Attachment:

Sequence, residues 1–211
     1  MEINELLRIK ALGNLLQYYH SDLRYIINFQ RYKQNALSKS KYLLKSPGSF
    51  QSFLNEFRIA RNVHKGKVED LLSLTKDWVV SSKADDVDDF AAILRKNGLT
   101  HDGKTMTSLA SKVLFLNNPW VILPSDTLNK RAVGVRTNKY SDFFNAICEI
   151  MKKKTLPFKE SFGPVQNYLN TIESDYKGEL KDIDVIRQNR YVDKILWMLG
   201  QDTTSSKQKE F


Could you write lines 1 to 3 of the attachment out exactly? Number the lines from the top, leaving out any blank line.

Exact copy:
Sequence, residues 1–211
     1  MEINELLRIK ALGNLLQYYH SDLRYIINFQ RYKQNALSKS KYLLKSPGSF
    51  QSFLNEFRIA RNVHKGKVED LLSLTKDWVV SSKADDVDDF AAILRKNGLT